And whare is your honours gaun the day wi' a' your picks and shules? * *      — — Antiquary. On peut être plus fin qu' un autre, mais non pas plus fin que tous les autres.      — —Rochefoucault. All too soon came the period when I must part with my pleasant neighbour Mrs. Rivers, the opening brilliancy of whose lot seemed to threaten a lasting separation, from those whose way led rather through the "cool, sequestered vale," so much praised, and so little coveted. Mr. Rivers had for some time found abundant leisure for his favourite occupations of hunting and fishing. The signing of bills took up but little time, and an occasional ride to the scene of future glories, for the purpose of superintending the various improvements, was all that had necessarily called him away. But now, final preparations for a removal were absolutely in progress; and I had begun to feel really sad at the thought of losing the gentle Anna, when the Bank Commissioners again paced in official dignity up Main-street, and, this time, alighted at Mr. Rivers' door. The President and Greenhorn had trotted to Tinkerville that morning, and the old gentleman was not in town; so our men of power gravely wended their waytowards the newly-painted and pine-pillared honours of the Merchants' and Manufacturers' Banking-house, not without leaving behind them many a surmise as to the probable object of this new visitation. It was Mr. Skinner's opinion, and Mr. Skinner is a long-headed Yankee, that the Bank had issued too many bills; and for the sincerity of his judgment, he referred his hearers to the fact, that he had for some time been turning the splendid notes of the Merchants' and Manufacturers' Bank of Tinkerville into wheat and corn as fast as he conveniently could. A sly old farmer, who had sold several hundred bushels of wheat to Mr. Skinner, at one dollar twenty-five cents a bushel, winked knowingly as the merchant mentioned this proof of his own far-seeing astuteness; and informed the company that he had paid out the last dollar long ago on certain outstanding debts. Mr. Porter knew that the Tinkerville blacksmith had run up a most unconscionable bill for the iron doors, which were necessary to secure the immense vaults of the Bank; that would give, as he presumed, some hint of the probable object of the Commissioners. Mr. Simeon Jenkins, if not the greatest, certainly the most grandiloquent man in Montacute, did 'nt want to know any better than he did know, that the Cashier of the Bank was a thick-skull; and he felt very much afraid that the said Cashier had been getting his principals into trouble. Mr. Bite's manner of writing his name was, in Mr. Jenkins' view, proof positive of his lack of capacity; since "nobody in the universalworld" as Mr. Jenkins averred, "ever wrote such a hand as that, that know'd any thing worth knowing." But conjectures, however positively advanced, are, after all, not quite satisfactory; and the return of the commissioners was most anxiously awaited even by the very worthies who knew their business so well. The sun set most perversely soon, and the light would not stay long after him; and thick darkness settled upon this mundane sphere, and no word transpired from Tinkerville. Morning came, and with it the men of office, but oh! with what lengthened faces! There were whispers of "an injunction"—horrid sound!—upon the Merchants' and Manufacturers' Bank of Tinkerville. To picture the dismay which drew into all sorts of shapes the universal face of Montacute, would require a dozen Wilkies. I shall content myself with saying that there was no joking about the matter. The commissioners were not very communicative, but in spite of their dignified mystification, something about broken glass and tenpenny nails did leak out before their track was fairly cold. And where was Harley Rivers? "Echo answers, where!" His dear little wife watered her pillow with her tears for many a night before he returned to Montacute. It seemed, as we afterwards learned, that the commissioners had seen some suspicious circumstances about the management of the Bank, and returned with a determination to examine into matters a little more scrupulously. It had been found in other cases that certain "specie-certificates" had been locomotive. Ithad been rumoured, since the new batch of Banks had come into operation, that Thirty steeds both fleet and wight Stood saddled in the stables day and night— ready to effect at short notice certain transfers of assets and specie. And in the course of the Tinkerville investigation the commissioners had ascertained by the aid of hammer and chisel, that the boxes of the "real stuff" which had been so loudly vaunted, contained a heavy charge of broken glass and tenpenny nails, covered above and below with half-dollars, principally "bogus." Alas! for Tinkerville, and alas, for poor Michigan! The distress among the poorer classes of farmers which was the immediate consequence of this and other Bank failures, was indescribable. Those who have seen only a city panic, can form no idea of the extent and severity of the sufferings on these occasions. And how many small farmers are there in Michigan who have not suffered from this cause? The only adequate punishment which I should prescribe for this class of heartless adventurers, would be to behold at one glance all the misery they have occasioned; to be gifted with an Asmodean power, and forced to use it. The hardiest among them, could scarcely, I think, endure to witness the unroofing of the humble log-huts of Michigan, after the bursting of one of these Dead-sea apples. Bitter indeed were the ashes which they scattered! How many settlers who came in from the deep woods many miles distant where no grain had yetgrown, after travelling perhaps two or three days and nights, with a half-starved ox-team, and living on a few crusts by the way, were told when they offered their splendid-looking bank-notes, their hard-earned all, for the flour which was to be the sole food of wife and babes through the long winter, that these hoarded treasures were valueless as the ragged paper which wrapped them! Can we blame them if they cursed in their agony, the soul-less wretches who had thus drained their best blood for the furtherance of their own schemes of low ambition? Can we wonder that the poor, feeling such wrongs as these, learn to hate the rich, and to fancy them natural enemies? Could one of these heart-wrung beings have been introduced, just as he was, with the trembling yet in his heart, and the curses on his lips, into the gilded saloon of his betrayer, methinks the dance would have flagged, the song wavered, the wine palled, for the moment at least. Light is the dance and doubly sweet the lays When for the dear delight another pays— But the uninvited presence of the involuntary pay-master, would have been "the hand on the wall" to many a successful (!) banker. After public indignation had in some measure subsided, and indeed such occurrences as I have described became too common to stir the surface of society very rudely, Mr. Harley Rivers returned to Montacute, and prepared at once for the removal of his family. I took leave of his wife with most sincere regret, and I felt at the time as if we should never meet again. ButI have heard frequently from them until quite lately; and they have been living very handsomely (Mr. Rivers always boasted that he would live like a gentleman) in one of the Eastern cities on the spoils of the Tinkerville Wild-cat.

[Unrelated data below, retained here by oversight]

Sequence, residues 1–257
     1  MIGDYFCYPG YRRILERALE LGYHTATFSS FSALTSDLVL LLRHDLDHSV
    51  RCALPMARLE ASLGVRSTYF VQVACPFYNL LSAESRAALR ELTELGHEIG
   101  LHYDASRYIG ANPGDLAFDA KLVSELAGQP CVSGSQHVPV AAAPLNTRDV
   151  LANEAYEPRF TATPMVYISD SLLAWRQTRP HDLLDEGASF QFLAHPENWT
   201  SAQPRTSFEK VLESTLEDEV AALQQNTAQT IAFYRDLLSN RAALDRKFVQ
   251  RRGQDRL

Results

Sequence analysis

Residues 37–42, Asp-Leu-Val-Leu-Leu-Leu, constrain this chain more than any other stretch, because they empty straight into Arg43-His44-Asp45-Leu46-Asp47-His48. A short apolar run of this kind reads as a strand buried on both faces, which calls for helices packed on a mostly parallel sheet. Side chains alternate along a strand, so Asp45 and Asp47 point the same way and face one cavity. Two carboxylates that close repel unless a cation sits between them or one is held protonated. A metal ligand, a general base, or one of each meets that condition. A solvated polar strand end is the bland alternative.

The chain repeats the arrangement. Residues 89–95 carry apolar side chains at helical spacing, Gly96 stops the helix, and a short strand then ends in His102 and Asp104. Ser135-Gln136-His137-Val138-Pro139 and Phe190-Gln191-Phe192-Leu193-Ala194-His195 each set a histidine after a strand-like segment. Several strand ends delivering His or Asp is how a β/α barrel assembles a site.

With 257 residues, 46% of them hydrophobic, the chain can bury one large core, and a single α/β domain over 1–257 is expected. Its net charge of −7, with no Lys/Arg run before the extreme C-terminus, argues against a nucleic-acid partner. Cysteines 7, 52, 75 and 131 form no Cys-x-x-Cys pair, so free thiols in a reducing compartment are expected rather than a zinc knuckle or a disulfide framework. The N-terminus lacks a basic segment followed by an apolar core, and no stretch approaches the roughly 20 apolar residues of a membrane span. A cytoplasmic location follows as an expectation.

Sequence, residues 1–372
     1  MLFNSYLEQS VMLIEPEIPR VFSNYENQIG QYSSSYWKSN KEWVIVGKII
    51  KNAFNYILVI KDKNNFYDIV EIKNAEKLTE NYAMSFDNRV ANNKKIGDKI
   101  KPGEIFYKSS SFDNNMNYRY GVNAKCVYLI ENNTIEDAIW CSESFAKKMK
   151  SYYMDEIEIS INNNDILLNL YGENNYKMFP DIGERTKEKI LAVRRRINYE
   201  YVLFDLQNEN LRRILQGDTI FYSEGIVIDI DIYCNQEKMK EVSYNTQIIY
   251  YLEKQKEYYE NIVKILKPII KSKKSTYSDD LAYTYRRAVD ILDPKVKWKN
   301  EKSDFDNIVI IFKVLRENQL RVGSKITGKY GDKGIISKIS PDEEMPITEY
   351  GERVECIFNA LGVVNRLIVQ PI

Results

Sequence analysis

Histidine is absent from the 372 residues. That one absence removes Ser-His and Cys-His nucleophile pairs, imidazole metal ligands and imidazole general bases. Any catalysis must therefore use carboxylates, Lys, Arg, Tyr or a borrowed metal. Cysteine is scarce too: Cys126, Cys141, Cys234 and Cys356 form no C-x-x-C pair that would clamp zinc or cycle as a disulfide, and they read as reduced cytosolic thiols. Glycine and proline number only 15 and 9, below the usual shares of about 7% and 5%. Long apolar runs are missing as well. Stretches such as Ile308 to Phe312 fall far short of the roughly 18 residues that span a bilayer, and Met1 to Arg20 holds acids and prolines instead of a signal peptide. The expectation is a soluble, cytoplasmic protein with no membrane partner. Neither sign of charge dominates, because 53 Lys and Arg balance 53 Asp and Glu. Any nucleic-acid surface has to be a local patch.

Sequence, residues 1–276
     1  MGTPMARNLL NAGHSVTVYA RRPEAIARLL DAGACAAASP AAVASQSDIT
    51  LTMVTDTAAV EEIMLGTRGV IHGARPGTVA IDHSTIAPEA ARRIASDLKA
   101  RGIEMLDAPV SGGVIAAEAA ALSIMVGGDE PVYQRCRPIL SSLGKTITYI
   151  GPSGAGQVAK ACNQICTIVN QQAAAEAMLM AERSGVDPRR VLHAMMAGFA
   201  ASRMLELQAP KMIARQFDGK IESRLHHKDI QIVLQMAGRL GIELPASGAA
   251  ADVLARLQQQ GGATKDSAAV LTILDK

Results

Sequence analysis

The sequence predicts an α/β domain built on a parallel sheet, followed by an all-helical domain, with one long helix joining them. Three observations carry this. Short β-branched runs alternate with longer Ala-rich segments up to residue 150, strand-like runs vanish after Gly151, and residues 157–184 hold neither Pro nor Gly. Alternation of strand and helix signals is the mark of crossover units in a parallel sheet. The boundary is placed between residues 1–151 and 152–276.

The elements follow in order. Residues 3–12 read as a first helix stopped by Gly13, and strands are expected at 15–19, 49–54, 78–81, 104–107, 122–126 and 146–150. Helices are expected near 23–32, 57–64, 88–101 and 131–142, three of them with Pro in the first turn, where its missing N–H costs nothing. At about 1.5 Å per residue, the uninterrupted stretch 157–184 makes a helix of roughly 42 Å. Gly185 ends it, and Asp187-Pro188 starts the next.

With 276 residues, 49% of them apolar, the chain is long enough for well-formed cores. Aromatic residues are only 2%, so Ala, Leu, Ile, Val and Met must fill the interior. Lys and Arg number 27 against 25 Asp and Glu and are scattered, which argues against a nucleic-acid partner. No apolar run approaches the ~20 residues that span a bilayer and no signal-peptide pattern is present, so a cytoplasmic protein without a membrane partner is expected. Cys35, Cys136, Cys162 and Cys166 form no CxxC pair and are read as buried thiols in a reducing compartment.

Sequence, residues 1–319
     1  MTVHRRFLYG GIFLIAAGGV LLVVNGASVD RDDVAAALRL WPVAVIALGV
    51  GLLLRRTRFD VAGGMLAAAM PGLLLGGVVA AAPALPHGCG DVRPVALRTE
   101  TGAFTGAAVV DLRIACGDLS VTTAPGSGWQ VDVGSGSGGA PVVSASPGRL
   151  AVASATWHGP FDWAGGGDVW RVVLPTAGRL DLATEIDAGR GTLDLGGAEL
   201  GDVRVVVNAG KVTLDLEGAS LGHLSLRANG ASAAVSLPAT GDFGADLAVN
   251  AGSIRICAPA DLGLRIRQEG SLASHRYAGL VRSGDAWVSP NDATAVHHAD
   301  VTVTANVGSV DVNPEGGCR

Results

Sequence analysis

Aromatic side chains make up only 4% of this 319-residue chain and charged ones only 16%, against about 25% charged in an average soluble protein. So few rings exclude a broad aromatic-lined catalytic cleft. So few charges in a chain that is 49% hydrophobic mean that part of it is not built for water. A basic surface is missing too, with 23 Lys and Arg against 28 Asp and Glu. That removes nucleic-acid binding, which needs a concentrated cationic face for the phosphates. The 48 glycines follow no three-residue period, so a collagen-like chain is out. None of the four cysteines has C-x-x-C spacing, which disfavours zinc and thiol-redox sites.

CHAPTER XXXIII.